• Digital literacies Creativity Play Collective intelligencePerformance JudgementSimulation Transmedia navigationAppropriation Networking Multitasking Negotiation Distributed cognition Jenkins et al., 2006
  • Transmedia navigation
  • Distributed cognitionAcross FilteringnetworksTools and AggregationpeopleNetworked Personalised Salamon, 1993
  • Play
  • Networking
  • Collective intelligence
  • Performance• Digital identity• Degree of openness• Communication and collaboration
  • Creativity• Derived from Latin ‘creo’ to create/make• Creating something new (physical artefact or concept) that is novel and valuable• Ability to transcend traditional ideas, rules, partners, relationships and create meaningful new ideas, forms, methods, interpretations
  • Why is it important?• Essential skill to deal with today’s complex, fast and changing society• Discourse and collaboration are mediated through a range of social and participatory media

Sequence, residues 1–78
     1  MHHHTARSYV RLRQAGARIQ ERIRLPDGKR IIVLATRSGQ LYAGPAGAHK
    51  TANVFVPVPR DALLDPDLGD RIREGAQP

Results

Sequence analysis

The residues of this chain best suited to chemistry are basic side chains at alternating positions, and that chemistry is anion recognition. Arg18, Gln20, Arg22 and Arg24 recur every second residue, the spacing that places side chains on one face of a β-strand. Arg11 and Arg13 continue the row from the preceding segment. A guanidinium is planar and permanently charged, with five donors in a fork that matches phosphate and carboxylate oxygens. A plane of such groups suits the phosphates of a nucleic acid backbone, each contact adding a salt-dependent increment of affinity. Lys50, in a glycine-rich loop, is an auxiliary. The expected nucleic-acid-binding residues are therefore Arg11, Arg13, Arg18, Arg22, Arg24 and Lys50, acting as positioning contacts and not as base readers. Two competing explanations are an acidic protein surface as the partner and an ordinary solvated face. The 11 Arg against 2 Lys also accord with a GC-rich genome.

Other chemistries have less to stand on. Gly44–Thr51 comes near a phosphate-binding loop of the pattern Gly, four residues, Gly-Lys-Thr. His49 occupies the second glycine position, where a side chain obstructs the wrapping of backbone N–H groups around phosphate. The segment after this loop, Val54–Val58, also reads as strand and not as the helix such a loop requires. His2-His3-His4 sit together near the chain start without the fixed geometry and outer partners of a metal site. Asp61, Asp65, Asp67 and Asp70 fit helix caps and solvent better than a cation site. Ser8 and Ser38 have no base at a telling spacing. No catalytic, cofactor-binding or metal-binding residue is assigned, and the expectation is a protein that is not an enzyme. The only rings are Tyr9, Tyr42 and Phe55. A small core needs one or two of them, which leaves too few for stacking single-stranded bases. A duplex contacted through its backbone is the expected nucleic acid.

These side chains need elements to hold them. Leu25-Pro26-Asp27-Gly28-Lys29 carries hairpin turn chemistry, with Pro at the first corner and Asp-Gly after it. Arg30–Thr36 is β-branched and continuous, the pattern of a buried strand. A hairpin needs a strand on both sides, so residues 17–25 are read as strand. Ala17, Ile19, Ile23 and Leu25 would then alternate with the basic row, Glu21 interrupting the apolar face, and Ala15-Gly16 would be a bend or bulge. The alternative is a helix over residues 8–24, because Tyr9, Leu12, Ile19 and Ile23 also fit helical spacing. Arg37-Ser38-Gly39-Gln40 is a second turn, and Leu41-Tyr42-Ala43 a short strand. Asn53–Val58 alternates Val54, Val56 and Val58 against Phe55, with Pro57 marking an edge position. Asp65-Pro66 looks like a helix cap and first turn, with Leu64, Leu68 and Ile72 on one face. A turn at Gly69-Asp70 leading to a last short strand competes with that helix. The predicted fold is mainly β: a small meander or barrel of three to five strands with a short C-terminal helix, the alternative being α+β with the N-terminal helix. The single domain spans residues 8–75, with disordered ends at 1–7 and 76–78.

• Technologies• Can promote creativity in new and innovative ways• Enable new forms of discourse, collaboration and cooperation• Access and repurpose knowledge in different forms of representation• Aggregation and scale – distributed and collective
  • Augmented Reality Games (ARGs) • Began with a code 91211 • Twitter hash tag • Mysterious character Rufus • Series of clues – real and virtual • Video screen in Manchester spontaneously playing students’ videos Helen Keegan Keynote, Eden Research Workshop, Leuven, 24th October 2012
  • Pedagogical approachesDrill & practice Mobilelearning learningSituated Immersivelearning learning
  • Drill and practice learning
  • Mobile learningStudy calendarsE-booksLearning resourcesOnline modulesAnnotation toolsMind mapping toolsCommunication mechanisms
  • Situated learningArcheological digsMedical wardsArt exhibitionsCyber-lawVirtual language exchangeBeyond formal schooling
  • Immersive learning
  • Disaggregation of educationResources Learning pathwaysSupport Accreditation
  • Resources• Over ten years of the Open Educational Resource (OER) movement• Hundreds of OER repositories worldwide• Presence on iTunesU
  • 100 million adults can’t afforduniversity (UNESCO) Image by James Cridland